Lake Sharpe Track
The turnoff to Lake Sharpe is difficult to see, being partly overgrown, and it would be wise to travel along it for a few hundred metres to confirm it is the correct route. Just over two kilometres in the margin of the lake appears. Saltbush and bluebush country. The track follows the edge of the lake for 14 kilometres. Classic outback Australia.
In a number of places the track is difficult to follow and it may need a bit of investigation on foot to find the way forward.
As the track leaves the lake it merges with a recently made  two blade firebreak/containment line. Closer to the Lake King Road it narrows to one blade width. This firebreak makes a diversion to the east, however, after a kilometre it again, reassuringly, turns north towards the Lake King Road.
North of the lake much of the country has been burnt out . It is surmised that it was to combat this fire that the firebreak/containment line had been made – probably by a loader. In some places it disappears or is very difficult to follow.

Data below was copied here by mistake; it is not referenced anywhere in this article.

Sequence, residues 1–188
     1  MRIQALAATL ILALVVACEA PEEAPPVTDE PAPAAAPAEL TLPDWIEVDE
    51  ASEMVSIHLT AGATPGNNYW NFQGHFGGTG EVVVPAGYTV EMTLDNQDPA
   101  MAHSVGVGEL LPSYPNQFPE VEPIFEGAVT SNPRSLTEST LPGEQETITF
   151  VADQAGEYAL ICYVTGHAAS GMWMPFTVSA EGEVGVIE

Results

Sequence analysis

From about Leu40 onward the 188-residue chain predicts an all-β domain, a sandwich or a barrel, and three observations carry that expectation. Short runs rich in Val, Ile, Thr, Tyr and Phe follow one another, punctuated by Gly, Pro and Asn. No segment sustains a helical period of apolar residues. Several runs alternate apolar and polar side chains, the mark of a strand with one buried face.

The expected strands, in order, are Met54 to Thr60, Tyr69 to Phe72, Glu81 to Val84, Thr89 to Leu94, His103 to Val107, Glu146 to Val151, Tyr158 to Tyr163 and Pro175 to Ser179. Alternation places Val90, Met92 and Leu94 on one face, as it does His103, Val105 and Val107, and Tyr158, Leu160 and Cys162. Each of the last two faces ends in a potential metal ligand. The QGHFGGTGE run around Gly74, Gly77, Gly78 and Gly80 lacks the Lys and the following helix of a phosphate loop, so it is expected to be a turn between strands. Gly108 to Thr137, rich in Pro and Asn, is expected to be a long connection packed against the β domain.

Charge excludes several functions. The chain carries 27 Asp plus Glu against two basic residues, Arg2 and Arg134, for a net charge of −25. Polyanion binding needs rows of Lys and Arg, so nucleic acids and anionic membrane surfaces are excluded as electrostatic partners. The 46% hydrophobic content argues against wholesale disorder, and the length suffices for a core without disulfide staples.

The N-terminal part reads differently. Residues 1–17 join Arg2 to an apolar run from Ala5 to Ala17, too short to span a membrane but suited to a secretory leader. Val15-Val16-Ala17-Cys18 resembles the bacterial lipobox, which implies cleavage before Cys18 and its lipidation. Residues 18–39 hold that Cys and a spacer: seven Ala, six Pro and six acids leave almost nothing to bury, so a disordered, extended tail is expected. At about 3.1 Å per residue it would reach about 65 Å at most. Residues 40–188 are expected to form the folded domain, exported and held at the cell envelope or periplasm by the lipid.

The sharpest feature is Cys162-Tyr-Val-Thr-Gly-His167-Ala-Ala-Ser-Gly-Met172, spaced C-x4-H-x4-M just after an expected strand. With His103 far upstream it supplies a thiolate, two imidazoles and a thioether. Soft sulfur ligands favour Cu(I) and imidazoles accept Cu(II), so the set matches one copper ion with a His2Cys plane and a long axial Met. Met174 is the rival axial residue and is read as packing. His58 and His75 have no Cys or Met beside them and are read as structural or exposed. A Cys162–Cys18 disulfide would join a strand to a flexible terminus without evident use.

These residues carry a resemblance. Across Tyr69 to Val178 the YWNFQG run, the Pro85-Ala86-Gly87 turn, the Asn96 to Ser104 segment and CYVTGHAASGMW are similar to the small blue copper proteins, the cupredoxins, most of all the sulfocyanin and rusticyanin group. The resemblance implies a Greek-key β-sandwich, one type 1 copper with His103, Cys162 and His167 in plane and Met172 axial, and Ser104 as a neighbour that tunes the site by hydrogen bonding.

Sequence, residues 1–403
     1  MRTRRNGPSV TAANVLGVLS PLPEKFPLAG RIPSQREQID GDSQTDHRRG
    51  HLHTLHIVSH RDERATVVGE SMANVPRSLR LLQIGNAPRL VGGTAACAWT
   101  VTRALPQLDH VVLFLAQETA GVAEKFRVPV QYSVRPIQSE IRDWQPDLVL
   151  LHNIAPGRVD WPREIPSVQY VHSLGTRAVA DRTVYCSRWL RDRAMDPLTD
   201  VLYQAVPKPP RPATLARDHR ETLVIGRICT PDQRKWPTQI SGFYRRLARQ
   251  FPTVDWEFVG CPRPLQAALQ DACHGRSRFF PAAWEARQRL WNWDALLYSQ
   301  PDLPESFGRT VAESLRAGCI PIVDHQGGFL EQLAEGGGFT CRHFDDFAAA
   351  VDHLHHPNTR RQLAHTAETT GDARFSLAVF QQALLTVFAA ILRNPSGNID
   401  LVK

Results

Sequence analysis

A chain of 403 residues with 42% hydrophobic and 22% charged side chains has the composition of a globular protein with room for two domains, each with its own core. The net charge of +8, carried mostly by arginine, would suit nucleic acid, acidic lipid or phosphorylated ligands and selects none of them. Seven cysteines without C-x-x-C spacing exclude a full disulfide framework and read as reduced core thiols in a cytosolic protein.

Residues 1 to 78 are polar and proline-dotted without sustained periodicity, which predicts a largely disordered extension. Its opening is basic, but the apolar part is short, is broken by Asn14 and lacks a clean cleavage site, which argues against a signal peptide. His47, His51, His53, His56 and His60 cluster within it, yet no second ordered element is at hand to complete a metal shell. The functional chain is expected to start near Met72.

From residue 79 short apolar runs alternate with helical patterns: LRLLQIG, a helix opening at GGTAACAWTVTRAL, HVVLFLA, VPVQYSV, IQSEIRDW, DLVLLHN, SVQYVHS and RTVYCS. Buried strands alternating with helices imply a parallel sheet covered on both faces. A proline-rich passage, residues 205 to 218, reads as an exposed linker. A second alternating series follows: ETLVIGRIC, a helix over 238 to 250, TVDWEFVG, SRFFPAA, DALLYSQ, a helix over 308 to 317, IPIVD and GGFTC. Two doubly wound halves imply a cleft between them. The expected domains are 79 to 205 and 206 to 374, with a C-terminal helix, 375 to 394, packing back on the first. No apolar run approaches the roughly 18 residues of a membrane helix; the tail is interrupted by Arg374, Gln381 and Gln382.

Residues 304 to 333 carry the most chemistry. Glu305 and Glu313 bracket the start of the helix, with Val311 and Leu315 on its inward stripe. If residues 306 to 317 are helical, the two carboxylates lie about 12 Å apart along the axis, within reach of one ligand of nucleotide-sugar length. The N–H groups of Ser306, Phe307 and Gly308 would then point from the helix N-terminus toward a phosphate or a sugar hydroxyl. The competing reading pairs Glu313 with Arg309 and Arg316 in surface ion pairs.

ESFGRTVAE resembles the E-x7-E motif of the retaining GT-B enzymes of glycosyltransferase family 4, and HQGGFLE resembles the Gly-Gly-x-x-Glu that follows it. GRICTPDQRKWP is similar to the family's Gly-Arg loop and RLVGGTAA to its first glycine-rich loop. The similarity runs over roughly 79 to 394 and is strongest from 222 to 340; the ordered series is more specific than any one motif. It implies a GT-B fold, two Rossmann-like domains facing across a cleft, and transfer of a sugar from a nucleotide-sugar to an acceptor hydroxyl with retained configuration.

Surveyor T.A. Ellison named Lake Sharpe in 1929 while doing ‘classification surveying’ but he failed to record after whom he named it.
After a couple of Y junctions the track comes out onto the Lake King-Norseman Road.
Lake Hope Track
Twenty kilometres of westward travel from where the Lake Sharpe reaches the Lake King-Norseman Road takes one to the start of the Lake Hope Track. The track heads north from the Lake King-Norseman Road.
This remote track leads through the Bremer Range, along the Honman Ridge and past Lake Hope to the Maggie Hayes mine on the Hyden-Norseman Road. There are numerous shotlines crossing the track along its length.
Lake Hope was named by explorer Frank Hann in 1901 after Joseph Hope, Chief Draftsman of the Lands and Surveys Department, 1896 to 1919.
© Kim Epton 2020-2022
455 words, 13 photographs/three images
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